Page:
Spotted Orchids

Catbells was now visible and as we drew closer, walkers on the ridge gave us a better idea of its size and distance from us. Larger and further away than it would have otherwise appeared.

The path then led us down to Derwent Water, with Skiddaw and Blencathra on it far side. Just being beside the water seemed to cool the air a little and knowing we had completed the first half of the day’s walk was a morale booster.

Derwent Water

The path beside the lake was easy walking, and for the most part easy navigation as well. There were open areas filled with bog myrtle and  bracken and then broadleaved woodland. Near Brandlehow Bay we found a sign informing us we were at Rupert’s Wood which had me reminiscing about Rupert the Bear annuals when I was a child. And a little way beyond this wood we found the Teddy in the window, a small teddy bear in the window of a large shed. Walkers had taken the trouble to send him postcards and several were on show in his window.

Derwent Steamer

We passed through a body mass index filter (a narrow bridge) and came down to the landing stage just as the Derwent Steamer was disgorging some of its passengers. We would see several times more as it plied its way up and down the lake.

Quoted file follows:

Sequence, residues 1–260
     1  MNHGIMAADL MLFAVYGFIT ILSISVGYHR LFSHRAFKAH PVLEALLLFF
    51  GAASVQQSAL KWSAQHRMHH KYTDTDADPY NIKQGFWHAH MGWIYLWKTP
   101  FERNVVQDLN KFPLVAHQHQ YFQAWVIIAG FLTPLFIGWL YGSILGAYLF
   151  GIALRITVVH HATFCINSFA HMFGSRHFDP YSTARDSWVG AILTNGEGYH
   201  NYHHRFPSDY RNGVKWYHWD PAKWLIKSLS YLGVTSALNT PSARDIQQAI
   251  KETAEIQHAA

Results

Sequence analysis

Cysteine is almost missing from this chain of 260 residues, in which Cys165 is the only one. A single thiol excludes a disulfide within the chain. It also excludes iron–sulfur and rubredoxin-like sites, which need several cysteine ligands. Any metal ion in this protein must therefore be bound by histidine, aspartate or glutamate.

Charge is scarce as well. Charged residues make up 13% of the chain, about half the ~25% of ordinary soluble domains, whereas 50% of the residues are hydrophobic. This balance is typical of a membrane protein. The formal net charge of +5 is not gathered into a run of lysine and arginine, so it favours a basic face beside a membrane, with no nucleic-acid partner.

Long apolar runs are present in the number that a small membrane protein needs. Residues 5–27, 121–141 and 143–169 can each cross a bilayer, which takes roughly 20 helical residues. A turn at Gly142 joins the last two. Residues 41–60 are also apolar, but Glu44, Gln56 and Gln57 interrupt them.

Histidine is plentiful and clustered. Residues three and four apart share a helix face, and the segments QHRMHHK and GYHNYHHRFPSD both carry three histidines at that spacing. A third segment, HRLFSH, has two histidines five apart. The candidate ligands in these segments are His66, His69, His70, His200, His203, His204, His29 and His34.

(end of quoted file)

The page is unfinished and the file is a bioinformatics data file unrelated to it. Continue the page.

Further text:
Brandlehow Hands

The Brandlehow Hands were free for photos and we spent a little time trying to get photos  before stopping for lunch. I had thought about climbing to higher ground for a better view for our rest but we settled instead to climb down to the lakeshore and eat our lunch to the sound of lapping water. There was St John’s Wort nearby just in case we were tempted to induce some CYP3A4, but I stuck to eating sandwiches. It was certainly a nice place for lunch, excellent views, reasonable rocks for seating and shaded from the direct sunlight.

Refreshed and refuelled we set off through more woodland then fields of marsh thistle and then farmland with alpacas.

The Cumbria Way then joined a minor road that took us through Portinscale then along a rather busy footpath into Keswick.  By then the blue sky had filled with cloud and it looked as though the rain wasn’t too far away.